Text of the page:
There are few beacons of innovation currently shining as brightly as that of Uber, who have in under seven years have become as synonymous with taxi cabs as iPhone with smart mobile devices. The San Fransisco-based giants found a way to not only wrest control of a significant market share in the cities they invaded, but to render the previous status quo hopelessly outdated in the face of a more user-friendly, technologically-savvy offering.
As Uber’s success has ballooned, so too has its pool of detractors, with many mourning the decline of what had previously been a profession built on the tradition of an in-depth knowledge of a particular city’s road map. Backlash against what is ostensibly sound technological progress, though, is nothing new.
The Financial Times at the end of January 2016 compared the reaction to Uber’s meteoric rise with that of John Kay’s invention of the flying shuttle - a key development in the weaving process that proved a pre-requisite for automated machine looms in the early stages of the Industrial Revolution. A grand comparison perhaps, but the similarities between the two developments extend far further than in just their reception.
Both are examples of a very particular kind of disruptive innovation; one that does not fit the conventional definition of the term. Traditionally, the strategy of disruption begins with either entrance into the market as a cheaper alternative to the norm (but with an openly low-end product) or by targeting non-consumers, i.e. creating a market where none existed before.
Unfortunately for the skilled victims in the case of both Uber’s rise and that of Kay’s automated loom, the product offered by the new competition improved on the existing practices considerably - in ease of use, cost and productivity - and, rather than slowly developing into an industry competitor, changed the landscape of the industry altogether. Sat nav has made 'The Knowledge' - the in-depth study of routes in London, changed little since its inception in 1865 - redundant in the same way that Kay’s shuttle led to the eventual redundancy of Britain’s weavers.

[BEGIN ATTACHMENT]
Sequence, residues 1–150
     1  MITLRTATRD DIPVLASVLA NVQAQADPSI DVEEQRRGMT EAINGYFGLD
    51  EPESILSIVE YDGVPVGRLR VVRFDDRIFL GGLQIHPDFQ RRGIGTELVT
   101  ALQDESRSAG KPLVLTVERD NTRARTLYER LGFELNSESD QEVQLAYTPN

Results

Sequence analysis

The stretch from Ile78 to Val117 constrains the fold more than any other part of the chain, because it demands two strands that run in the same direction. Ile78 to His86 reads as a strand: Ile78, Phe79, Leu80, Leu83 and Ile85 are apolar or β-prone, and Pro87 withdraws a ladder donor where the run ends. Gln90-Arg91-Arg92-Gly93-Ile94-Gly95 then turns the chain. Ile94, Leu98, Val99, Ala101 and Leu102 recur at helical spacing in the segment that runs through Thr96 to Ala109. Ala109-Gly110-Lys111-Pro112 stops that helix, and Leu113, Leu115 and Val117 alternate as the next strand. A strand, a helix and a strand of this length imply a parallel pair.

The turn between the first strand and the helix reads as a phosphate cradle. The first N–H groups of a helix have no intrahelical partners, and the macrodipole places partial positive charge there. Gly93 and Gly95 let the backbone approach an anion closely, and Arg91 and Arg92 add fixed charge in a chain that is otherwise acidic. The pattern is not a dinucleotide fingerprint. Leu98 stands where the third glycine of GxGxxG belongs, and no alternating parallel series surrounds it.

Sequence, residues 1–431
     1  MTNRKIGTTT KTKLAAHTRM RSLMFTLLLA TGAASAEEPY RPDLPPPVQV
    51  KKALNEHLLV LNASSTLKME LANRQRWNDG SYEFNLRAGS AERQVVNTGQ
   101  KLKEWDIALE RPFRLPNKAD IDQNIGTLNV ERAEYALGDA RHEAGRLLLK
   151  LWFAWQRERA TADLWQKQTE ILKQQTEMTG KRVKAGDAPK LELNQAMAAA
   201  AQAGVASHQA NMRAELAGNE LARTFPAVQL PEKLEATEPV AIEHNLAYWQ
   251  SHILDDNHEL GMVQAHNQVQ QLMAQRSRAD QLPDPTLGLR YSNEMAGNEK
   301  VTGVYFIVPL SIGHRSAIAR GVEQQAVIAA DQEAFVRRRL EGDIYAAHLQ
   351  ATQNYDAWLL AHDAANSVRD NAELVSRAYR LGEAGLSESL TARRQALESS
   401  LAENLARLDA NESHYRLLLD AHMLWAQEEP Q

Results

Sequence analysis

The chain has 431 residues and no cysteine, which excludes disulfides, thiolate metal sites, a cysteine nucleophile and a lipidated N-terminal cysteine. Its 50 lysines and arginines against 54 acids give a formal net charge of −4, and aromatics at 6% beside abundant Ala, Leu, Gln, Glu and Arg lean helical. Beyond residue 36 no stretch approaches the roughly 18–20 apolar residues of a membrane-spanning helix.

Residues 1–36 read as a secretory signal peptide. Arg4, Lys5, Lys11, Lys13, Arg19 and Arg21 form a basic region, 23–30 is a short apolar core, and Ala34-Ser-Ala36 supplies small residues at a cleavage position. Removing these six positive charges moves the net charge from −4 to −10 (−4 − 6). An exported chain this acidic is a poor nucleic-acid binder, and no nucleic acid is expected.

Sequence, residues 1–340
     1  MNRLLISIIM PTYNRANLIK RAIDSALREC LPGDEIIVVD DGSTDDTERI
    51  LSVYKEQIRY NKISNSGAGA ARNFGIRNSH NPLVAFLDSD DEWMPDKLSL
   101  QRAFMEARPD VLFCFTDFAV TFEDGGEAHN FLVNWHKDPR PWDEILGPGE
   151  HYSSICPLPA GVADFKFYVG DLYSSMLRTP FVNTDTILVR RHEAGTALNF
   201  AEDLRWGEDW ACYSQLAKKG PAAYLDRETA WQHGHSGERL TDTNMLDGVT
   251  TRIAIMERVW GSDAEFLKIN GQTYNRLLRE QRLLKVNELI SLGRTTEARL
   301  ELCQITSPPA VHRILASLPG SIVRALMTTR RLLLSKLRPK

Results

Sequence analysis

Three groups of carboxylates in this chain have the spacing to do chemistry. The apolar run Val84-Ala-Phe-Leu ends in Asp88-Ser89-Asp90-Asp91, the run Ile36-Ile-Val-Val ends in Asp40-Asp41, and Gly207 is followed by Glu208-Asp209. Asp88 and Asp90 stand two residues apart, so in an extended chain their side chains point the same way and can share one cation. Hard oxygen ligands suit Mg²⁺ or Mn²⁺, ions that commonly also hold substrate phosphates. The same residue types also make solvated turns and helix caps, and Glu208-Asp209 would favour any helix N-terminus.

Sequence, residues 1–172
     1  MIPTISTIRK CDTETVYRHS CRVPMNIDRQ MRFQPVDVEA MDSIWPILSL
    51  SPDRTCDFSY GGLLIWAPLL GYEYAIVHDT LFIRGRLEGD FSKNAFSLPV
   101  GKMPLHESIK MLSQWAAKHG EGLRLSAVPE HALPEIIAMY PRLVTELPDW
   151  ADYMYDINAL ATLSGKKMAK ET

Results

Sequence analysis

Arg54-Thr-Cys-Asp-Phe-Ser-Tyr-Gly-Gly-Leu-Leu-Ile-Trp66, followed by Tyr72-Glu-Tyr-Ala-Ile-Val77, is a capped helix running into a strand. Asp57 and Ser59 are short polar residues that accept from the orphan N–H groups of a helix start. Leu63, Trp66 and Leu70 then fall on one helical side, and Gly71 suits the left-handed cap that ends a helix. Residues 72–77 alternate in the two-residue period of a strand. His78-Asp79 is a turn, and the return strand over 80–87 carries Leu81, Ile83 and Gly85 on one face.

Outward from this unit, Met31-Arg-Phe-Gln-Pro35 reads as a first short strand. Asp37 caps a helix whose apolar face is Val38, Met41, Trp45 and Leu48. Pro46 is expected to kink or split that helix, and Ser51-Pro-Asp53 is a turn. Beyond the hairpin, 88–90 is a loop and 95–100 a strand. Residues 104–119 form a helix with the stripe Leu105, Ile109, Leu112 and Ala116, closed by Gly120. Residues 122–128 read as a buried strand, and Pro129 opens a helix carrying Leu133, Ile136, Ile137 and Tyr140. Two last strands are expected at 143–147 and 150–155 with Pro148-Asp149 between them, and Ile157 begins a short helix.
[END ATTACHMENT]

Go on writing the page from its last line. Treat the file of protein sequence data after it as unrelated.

Kay encountered both violent and legal opposition to his invention and struggled to properly monetize his patent rights, crossing the channel before selling his technology to the French government. He was rewarded with both a handsome salary and a generous pension, with the flying shuttle becoming freely available. The French were similarly able to push daguerreotype photography to the world through their openness to innovation, with Henry Fox Talbot - an English inventor - seeing his perhaps superior model take time to gain traction up against the ‘free to the world’ gift bestowed by the French hierarchy.
Uber will, of course, not be the final development in transportation to cause a stir and ignite a fierce response. Driverless cars are moving ever closer to becoming a reality and, as the FT’s own John Kay speculates, the very drivers currently benefitting from Uber may be on the pickets to protest their own redundancy in years to come.
But, as the earlier Kay, Uber, and the French government during the Industrial Revolution knew, it is better to welcome innovation with open arms and manipulate it your advantage than treat it with skepticism and shun.
If Kay helped spark the Industrial Revolution, Uber have harnessed the digital equivalent to transform an industry previously protected by its exclusivity.